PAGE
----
This Thriller/horror movie tells the tale of a young girl who is terrified that her insane mother will take her away from her beloved foster mother. One day, the crazed real mother attempts...
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This Thriller/horror movie tells the tale of a young girl who is terrified that her insane mother will take her away from her beloved foster mother. One day, the crazed real mother attempts to contact the girl at school, but her foster mother has a premonition and gets there in time to protect the girl. Eventually though, the real mother and her boy friend, a carnival clown, succeed and takes her away, leaving the bereaved foster parents to enlist the assistance of a parapsychologist to help them interpret the foster mother's terrifying dreams and psychic connection to the girl and find her before it is too late.Written by
Five-year-old Janie Bennett (Golden Globe nominee Danielle Brisebois) happily lives with her foster parents Miles and Sheri Bennett (Sharon Farrell), oblivious to the fact that her insane birth mother is attempting to kidnap her. When the birth mother, Andrea Fletcher, and her boyfriend Jude (Richard Lynch), a carny, do attempt to kidnap the girl, Andrea cannot go through with it.
Writer-director Robert Schnitzer was influenced by the European directors of the 1930s and 40s, as many American directors of the 1970s were. This influence is evident, and definitely has an Italian sensibility about it. And to keep costs low, the state of Mississippi provided cop cars, the fire department created "rain" with their hoses and a real carnival that happened to be in town was used as Jude's work environment. This makes the film look bigger than it was.
The casting of Richard Lynch was a great decision, catching him before he got any bigger. Lynch was hired, according to Schnitzer, for his "widely divergent moods" and for just being "unique". Lynch, in turn, claimed to be influenced by "Rififi" and "Psycho" in his acting. And to some degree the legendary mime Marcel Marceau, which is evident.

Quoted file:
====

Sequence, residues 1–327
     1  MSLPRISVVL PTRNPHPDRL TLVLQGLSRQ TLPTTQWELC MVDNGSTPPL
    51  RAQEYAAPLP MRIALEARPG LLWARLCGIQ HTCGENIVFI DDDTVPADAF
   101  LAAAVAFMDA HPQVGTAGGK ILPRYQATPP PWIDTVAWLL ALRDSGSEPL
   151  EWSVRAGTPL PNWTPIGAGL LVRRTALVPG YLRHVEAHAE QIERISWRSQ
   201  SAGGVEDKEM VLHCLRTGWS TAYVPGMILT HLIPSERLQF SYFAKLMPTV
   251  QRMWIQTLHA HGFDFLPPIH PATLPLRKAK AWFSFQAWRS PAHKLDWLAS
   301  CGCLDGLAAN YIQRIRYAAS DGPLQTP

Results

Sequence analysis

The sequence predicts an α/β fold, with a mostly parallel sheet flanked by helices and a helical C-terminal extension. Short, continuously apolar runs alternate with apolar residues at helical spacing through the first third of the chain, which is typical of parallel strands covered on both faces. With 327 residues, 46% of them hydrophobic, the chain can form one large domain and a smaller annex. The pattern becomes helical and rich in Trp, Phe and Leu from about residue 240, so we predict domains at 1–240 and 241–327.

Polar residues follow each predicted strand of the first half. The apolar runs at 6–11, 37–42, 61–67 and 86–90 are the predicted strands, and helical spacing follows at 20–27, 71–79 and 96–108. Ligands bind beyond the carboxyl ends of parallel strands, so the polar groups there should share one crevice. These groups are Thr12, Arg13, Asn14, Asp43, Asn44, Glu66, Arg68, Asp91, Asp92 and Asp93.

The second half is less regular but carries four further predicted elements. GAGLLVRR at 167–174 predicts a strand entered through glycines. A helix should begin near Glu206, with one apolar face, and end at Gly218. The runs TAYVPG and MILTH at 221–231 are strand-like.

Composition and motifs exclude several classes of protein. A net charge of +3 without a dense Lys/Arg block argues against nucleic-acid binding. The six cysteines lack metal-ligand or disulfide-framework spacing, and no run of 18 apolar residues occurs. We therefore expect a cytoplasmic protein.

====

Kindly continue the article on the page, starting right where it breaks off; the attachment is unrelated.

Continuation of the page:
Baseball fans will notice a cameo from Roy White, the multi-World Series winning New York Yankee (and coach). This is especially amusing considering Schnitzer had no knowledge whatsoever of sports and did not even know who White was when he appeared in the film. (He was an active player during shooting.)
What I love about this film is the unusual score from opera composer Henry Mollicone, especially in the second half. Although the movie has plenty going for it as a slow-burning horror story with carnival overtones, the music really makes it stand out.
The film had mixed reviews. Leonard Maltin called it mediocre, saying its "muddled script works against the eerie atmosphere in this supernatural tale." A more positive review by Video Hound's Golden Movie Retriever called it "a well-done para-norm tale." Maltin is probably right for the most part, as the script could have been tightened... but that makes it no less eerie!
Arrow Video has cleaned up the picture and put this film on their box set, American Horror Project Vol 1. Thank you, Arrow! We get plenty of special features on the disc, too: Audio commentary with director-producer Robert Allen Schnitzer, who (of course) knows everything about the production. He also has a very sarcastic sense of humor that makes his stories all the more amusing -- are his tales of the turtle wrangler true or just a joke?
The Arrow disc has a brand new interview with composer Henry Mollicone. And an interview with actor Richard Lynch, which covers "Premonition" but also touches on acting in general, such as his work on "Scarecrow" with Al Pacino. If that is not enough, we even get three Robert Allen Schnitzer short films: 'Vernal Equinox', 'Terminal Point' and 'A Rumbling in the Land'. These films are so rare that IMDb does not even know about them.
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